There are many Web sites purporting to deal with this situation, but I'd welcome your common-sense approach. My husband and I are vegetarians (not vegans). We have three happy and healthy daughters, ages 5-4-2. While we strongly believe that eating animals is wrong, we don't want to make a huge deal out of it. Their daycare and preschool are cooperating, and we plan to send them to a small Catholic school that will work with us on this matter. I've asked their friends' parents to provide veggie meals and snacks if at all possible, or at times I send them along. But if they eat the occasional burger or chicken noodle soup, we are not going to go ballistic. We hope they will remain true to these values but realize that, in time, it will be out of our control. Our concern is how to inculcate these values into our children without turning them into the "food police." We recognize that most people have no problem with eating animals, leather shoes, etc. What we don't want is what happened to a friend's child who was somehow served venison at a neighbor's house. He yelled, "You're eating Bambi!" to the great consternation of his hosts and howling by their children. Those 2 families are no longer close, and the child can't understand what he did wrong.

It sounds like you're doing a dandy job handling your vegetarian lives.  There will always be people who criticize you, because you're not doing what they do, but don't let it bother you.  No two people rear their children the same way (or spend their money the same way or have exactly the same values).  It's the differences that make life interesting, not the similarities.

My husband and I are expecting twin girls in a couple months and cannot agree on names. He wants to name them "twin" names, like Tracie and Stacie or Molly and Holly. Sure, being a twin is great, but I want each to be her own person, and so each should have a distinct name. I think a person's name is important in shaping his or her personality and want to choose accordingly. But a recent "Jeopardy!" champion was named Eureka Nutt, and she appears to have done fairly well.

The choice of names seems important now because you have to worry about something when you're pregnant and that's a nice safe thing to worry about.

And yes, a child may be a twin but she should be her own person and you know what?  She will be, whether you give her a name to match her sister's name or not.  Why not choose matching middle names now and decide whether you want to use them after they're born.  Even if you don't, they can decide to switch to their middle names when they're older, which children often do in their late teens.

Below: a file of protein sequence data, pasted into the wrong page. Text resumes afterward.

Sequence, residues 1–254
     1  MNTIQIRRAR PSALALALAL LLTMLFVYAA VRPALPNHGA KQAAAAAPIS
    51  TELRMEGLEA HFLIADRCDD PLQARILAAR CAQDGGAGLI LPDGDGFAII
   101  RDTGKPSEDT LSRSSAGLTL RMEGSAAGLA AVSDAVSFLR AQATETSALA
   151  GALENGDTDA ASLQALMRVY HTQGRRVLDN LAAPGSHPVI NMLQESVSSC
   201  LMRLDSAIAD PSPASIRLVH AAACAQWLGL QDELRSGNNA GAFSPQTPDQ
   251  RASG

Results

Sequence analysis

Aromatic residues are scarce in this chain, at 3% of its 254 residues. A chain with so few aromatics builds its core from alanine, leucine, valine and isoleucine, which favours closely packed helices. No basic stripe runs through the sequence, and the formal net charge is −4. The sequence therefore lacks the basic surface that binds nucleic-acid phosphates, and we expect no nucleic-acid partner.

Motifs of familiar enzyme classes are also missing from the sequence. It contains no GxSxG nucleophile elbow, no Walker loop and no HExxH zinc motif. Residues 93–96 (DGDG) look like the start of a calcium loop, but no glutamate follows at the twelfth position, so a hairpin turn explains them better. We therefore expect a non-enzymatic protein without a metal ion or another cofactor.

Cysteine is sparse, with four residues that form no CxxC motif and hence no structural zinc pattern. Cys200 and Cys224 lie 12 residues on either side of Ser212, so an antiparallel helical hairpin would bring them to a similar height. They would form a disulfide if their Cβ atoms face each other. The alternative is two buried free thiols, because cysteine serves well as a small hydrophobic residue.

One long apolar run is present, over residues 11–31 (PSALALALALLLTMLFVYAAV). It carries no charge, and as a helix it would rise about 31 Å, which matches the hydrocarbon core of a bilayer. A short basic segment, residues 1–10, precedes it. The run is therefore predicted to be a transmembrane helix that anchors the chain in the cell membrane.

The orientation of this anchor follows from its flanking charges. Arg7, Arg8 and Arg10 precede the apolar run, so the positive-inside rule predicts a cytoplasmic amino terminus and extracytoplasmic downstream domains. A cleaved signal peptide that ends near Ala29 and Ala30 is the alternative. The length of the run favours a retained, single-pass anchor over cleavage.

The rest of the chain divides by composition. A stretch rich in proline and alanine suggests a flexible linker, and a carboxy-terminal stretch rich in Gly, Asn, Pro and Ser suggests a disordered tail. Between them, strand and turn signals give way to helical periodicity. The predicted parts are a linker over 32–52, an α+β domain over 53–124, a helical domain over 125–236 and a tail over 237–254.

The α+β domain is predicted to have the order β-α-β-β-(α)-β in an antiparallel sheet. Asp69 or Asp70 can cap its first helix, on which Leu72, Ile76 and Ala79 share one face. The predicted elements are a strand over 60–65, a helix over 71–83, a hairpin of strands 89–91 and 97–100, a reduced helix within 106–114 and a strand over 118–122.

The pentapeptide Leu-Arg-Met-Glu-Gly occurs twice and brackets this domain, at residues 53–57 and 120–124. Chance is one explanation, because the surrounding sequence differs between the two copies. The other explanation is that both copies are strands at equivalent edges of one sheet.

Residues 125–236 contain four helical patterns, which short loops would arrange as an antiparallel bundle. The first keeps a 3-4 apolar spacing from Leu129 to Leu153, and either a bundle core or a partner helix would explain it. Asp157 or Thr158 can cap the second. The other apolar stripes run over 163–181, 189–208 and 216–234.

Re your column: do you have specific recommendations for adults newly diagnosed with ADD? I am a 35-year old woman who was tested and told I have mild ADD, but certainly exhibit some of the hallmarks (like the anxiety at seeing clutter and distraction that you mentioned in your recent column). I'm not sure where to go from here, though. I'd rather not take medication, but need some help. Thanks for any suggestions.

Some adults with ADD find that a very small dose of a medication will help because it clears their brains enough to say, "aha, so this is how those other people think!"  and then they carry these lessons into their lives even after they quit taking these meds.  Others just keep their worlds as uncluttered as possible and go their own slightly foggy way through life, helped by a large calendar in the kitchen, alarms to remind them what to do and when, and other external devices, most of which you've probably already figured out.

My family lives on a small, very quiet street with our 2 kids. Others in our town have bonded with neighbors or thru thier kids' sports teams. My kids never did sports. Frankly, my husband & I are lonely for friends. We have had annual get-togethers at our house with neighbors & others, been involved with our kids' schools, started a charity and I started a monthly woman's group, but it has not lead to any friendships. The weekends come around and we have no plans. Any suggestions?

Friendships develop through common interests, not through a common geography.  Figure out your own personal interests and pursue them--through clubs, through charities, through activities--and friendships will develop, as long as you remember to ask others what they're doing, how they're doing and what they think about anything.  When people are asked about themselves, they always think the asker is quite fascinating.

I am at my wits' end about how to *make* my 16-year-old do his homework...AND turn it in...It seems that if we stand over him with a metaphorical stick, he will do it, and will get good grades...but the second we turn out backs, he bails! I have taken away *things* - laptop, cellphone, tv...and he will comply just long enough to earn these things back...then it starts all over again. He is in 10th grade and I just cannot get him to understand how important his grades are for getting into a good college. My SIL says, "So, let him fail..." Changing the path of his entire life does not seem a fitting punishment... What is your advice?